The Celibate points out his qualifications:
- Since 1983, the U.S. has banned male blood donors who have ever had intercourse with another male. A proposed FDA rule would allow homosexual males to donate after one year of celibacy.
- For a truly safe blood supply, all donors should refrain from all sexual intercourse for at least one year before donating. True, only 22% of adults could be donors but safety is a noble goal and if we promote celibacy along the way, so much the better.
- As a celibate, he demonstrates the self-discipline required and is a role model for all donors.
The Socialite has her strengths:
- She understands society’s sensitivities to bedroom talk, and the “ick” response evoked in many people as they contemplate other people’s sex lives.
- She understands that deep-rooted tradition trumps all else, though some may be hurt (donors and recipients alike).
The Scientist has a few facts:
- The test used by Red Cross can detect HIV in a person who has been exposed as recently as the previous month.
- All blood donors could be welcomed if they have had no high-risk activity in the previous month, make it two or three months to be on the safe side.
- The Scientist could define “high risk” activity, so that a monogamous male couple would not be considered high risk while a tom-catting ladies’ man who never uses a condom would. (This is the opposite of what happens under the current or the proposed rule.)
- This would expand the pool of donors, which would be very helpful since blood donations have decreased significantly. From 2008 to 2011, donations went down 9.1%.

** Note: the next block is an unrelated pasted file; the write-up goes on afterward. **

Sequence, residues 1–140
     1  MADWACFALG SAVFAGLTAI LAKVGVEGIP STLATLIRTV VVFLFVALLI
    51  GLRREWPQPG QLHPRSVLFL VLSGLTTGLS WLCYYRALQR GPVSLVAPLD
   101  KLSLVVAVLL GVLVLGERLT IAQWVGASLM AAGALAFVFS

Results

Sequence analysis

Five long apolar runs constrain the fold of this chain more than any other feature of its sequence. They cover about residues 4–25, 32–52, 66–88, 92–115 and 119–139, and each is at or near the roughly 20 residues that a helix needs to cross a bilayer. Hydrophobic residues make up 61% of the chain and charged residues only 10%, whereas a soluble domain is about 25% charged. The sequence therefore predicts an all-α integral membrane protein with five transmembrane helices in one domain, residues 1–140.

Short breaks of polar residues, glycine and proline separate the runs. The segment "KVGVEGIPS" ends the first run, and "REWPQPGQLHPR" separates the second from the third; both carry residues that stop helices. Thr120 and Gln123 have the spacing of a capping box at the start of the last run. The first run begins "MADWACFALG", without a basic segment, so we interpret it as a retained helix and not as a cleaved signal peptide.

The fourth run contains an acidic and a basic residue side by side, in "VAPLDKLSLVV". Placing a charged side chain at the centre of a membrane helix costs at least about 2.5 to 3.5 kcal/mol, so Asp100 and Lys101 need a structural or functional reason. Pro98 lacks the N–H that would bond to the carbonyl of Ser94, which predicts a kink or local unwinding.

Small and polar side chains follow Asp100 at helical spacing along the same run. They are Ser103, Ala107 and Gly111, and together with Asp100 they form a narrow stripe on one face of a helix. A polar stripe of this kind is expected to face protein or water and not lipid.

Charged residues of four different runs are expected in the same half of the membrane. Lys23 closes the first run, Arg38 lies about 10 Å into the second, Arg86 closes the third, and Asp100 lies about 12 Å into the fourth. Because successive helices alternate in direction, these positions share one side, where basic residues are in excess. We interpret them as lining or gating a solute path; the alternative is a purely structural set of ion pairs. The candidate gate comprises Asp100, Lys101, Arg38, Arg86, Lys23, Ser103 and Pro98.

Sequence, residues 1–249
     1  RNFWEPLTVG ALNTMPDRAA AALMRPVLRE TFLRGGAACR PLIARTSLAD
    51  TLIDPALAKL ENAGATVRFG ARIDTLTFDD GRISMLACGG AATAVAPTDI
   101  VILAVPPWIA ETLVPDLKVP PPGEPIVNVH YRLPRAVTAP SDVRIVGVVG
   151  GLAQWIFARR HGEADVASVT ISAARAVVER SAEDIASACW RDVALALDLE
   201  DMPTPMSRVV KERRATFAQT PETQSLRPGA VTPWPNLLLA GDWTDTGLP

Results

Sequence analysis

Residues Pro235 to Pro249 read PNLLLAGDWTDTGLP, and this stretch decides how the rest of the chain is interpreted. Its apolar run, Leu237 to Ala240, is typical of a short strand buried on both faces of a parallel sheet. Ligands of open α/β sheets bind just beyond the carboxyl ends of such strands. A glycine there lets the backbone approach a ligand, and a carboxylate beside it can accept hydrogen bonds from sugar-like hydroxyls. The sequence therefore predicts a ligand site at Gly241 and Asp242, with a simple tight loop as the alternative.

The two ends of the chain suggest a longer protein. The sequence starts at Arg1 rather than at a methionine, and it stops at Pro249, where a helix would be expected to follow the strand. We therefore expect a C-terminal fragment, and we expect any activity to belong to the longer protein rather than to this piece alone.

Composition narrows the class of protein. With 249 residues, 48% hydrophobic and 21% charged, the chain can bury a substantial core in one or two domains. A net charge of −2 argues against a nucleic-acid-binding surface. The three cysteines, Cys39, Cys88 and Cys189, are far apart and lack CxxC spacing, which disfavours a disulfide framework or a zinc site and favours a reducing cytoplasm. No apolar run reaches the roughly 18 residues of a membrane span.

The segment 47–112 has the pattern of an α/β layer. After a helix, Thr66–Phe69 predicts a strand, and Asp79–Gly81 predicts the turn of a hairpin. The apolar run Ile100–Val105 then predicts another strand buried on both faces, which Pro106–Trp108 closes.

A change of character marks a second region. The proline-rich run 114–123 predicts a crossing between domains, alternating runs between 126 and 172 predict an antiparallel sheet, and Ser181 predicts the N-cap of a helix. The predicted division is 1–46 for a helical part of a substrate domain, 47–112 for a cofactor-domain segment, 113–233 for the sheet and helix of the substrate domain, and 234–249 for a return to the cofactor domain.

- Currently, less than one percent of donated blood is rejected because it tests positive for viruses. Even if the percentage of rejected blood doubled, it would not affect the total costs; all donated units are tested.
And the winner is . . . . the Socialite. Yes, the U.S. Food and Drug Administration which describes itself as a “science-based regulatory agency” after several years of collaboration with other agencies and a careful examination of scientific evidence has landed on the side of perpetuating stereotypes. As Craig Klugman, PhD, says in his post on Bioethics.net, the FDA’s solution does not create “a donation system that assesses real risk, [rather than] perceived moral panic risk.” The FDA’s proposal has inspired the Celibacy Challenge, a satirical national petition pointing out the flaws.
This story, for me, is about not just a bioethics issue, nor just a civil rights issue – though it is both of those. It is also about science coming in last place. It is about stereotypes preventing us from good solutions. With this blood donor rule – both the old and the new – we are saying that we would prefer to have fewer lives saved rather than believing what biological science clearly shows us.
I sincerely hope that my grandchildren will laugh about this someday. For today, I’m sorry for anyone who needs and cannot get blood because there weren’t enough “acceptable” donors.